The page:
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The Bush Administration has finally achieved something unprecedented. The organized bar–with a vote just one short of unanimity–has declared one of Bush’s executive orders illegal and vowed to seek Congressional action to override it. And psychologists appear poised to join their legal colleagues in an equally harsh denunciation. It’s about torture. Remember Bush’s claim, “We do not torture”? Except, of course, we do, and on Bush’s personal orders.
Back on July 21, President Bush issued an Executive Order which gave cover to a series of brutal interrogation and detention practices to be used by the Central Intelligence Agency at black sites. Now the nation’s organized bar and its psychologists’ association are both saying: “no” and directing their members not to comply with the order. Jane Mayer’s recent article in the New Yorker furnishes an excellent description of the tactics at the bottom of this controversy. Here’s a sampling:
A former member of a C.I.A. transport team has described the ‘takeout’ of prisoners as a carefully choreographed twenty-minute routine, during which a suspect was hog-tied, stripped naked, photographed, hooded, sedated with anal suppositories, placed in diapers, and transported by plane to a secret location. A person involved in the Council of Europe inquiry, referring to cavity searches and the frequent use of suppositories during the takeout of detainees, likened the treatment to ’sodomy.’ He said, ‘It was used to absolutely strip the detainee of any dignity. It breaks down someone’s sense of impenetrability. The interrogation became a process not just of getting information but of utterly subordinating the detainee through humiliation.’ The former C.I.A. officer confirmed that the agency frequently photographed the prisoners naked, ‘because it’s demoralizing.’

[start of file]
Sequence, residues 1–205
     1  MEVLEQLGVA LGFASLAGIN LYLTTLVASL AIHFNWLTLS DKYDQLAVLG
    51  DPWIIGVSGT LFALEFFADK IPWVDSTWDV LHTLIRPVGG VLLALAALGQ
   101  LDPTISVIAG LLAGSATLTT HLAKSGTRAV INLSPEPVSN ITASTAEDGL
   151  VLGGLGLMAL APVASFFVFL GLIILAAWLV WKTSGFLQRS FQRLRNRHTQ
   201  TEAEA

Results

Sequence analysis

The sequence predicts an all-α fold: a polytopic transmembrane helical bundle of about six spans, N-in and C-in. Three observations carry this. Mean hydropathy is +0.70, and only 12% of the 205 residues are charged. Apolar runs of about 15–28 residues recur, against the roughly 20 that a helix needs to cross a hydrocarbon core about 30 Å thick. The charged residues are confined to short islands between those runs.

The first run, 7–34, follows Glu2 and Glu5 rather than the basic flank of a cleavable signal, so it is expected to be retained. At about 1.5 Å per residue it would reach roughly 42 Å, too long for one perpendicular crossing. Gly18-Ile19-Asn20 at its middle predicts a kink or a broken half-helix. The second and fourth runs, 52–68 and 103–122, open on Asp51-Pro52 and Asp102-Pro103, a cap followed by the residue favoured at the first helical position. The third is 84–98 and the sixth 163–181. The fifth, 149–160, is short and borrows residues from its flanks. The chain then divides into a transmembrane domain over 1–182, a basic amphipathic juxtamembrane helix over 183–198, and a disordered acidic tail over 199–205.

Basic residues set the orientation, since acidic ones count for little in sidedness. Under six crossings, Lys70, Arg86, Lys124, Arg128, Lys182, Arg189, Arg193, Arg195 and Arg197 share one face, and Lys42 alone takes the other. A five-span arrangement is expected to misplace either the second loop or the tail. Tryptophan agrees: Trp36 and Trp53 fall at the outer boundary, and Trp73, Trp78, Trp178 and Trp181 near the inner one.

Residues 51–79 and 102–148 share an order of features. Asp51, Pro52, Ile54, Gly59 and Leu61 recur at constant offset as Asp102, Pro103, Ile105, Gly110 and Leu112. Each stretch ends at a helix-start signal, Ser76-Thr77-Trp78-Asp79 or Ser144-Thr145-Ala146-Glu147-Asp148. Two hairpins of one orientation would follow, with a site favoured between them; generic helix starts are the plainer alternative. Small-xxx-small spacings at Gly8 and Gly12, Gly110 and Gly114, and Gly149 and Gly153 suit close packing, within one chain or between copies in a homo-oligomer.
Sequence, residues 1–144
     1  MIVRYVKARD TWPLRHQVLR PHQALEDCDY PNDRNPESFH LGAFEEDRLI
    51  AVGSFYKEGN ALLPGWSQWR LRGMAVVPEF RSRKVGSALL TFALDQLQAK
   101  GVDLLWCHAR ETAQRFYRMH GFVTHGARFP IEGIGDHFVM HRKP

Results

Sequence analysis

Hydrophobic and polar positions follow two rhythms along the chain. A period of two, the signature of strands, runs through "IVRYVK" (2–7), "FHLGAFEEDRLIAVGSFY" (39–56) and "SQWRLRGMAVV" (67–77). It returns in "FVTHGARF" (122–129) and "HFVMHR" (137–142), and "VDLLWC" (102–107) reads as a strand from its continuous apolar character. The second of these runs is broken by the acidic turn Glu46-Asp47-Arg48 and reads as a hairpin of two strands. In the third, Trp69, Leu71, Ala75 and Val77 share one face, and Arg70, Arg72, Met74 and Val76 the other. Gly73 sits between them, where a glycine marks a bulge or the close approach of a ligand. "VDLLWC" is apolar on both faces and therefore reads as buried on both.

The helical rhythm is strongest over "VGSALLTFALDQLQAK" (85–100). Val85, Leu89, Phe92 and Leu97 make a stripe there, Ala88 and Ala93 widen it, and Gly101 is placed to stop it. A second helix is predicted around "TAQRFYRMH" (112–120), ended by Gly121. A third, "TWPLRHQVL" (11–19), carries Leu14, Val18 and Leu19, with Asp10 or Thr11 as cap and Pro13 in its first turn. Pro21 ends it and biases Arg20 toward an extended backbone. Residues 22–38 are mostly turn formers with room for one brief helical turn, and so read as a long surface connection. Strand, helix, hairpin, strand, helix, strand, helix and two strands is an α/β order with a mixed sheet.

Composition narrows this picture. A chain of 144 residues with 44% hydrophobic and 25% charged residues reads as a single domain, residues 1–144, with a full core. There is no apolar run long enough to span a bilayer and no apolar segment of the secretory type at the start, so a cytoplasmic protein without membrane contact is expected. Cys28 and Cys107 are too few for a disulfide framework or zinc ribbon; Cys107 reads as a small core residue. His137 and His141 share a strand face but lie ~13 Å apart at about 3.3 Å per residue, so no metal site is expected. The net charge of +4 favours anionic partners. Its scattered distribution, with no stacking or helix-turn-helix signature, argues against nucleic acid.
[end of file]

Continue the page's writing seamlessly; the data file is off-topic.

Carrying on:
In addition to these practices, some of which may constitute the felony of rape by instrumentality under various state statutes, other practices condoned by Bush’s order include waterboarding, long-time standing, hypothermia and sleep deprivation in excess of two days. These are all techniques considered to be “torture” under American criminal law, as well as under international human rights standards.
The Bush Administration has reckoned with the silence and complicity of professional organizations whose work is essential to permitting the implementation of the CIA torture scheme, including doctors, psychologists, behavioral scientists and lawyers. However, the silence of the professions is coming to an end.
Yesterday meeting in San Francisco, the organized legal profession in the United States—the American Bar Association—took a firm stand on the president’s order, denouncing it as unlawful and calling upon Congress to override it. Of the more than five hundred delegates present and voting, one single delegate sided with the administration—the most devastating defeat ever suffered by any U.S. administration on what was essentially a vote of condemnation. Even the ABA committees that represent government lawyers involved in national security organizations and retired military officers led the charge in assailing the Bush order’s legality.
The first resolution dealt with an executive order adopted by the Bush administration less than a month ago that Barbara Berger Opotowsky, president of the New York City Bar Association, said was clearly “inconsistent with U.S. obligations” under Article 3 of the Geneva Conventions, which requires humane treatment of detainees.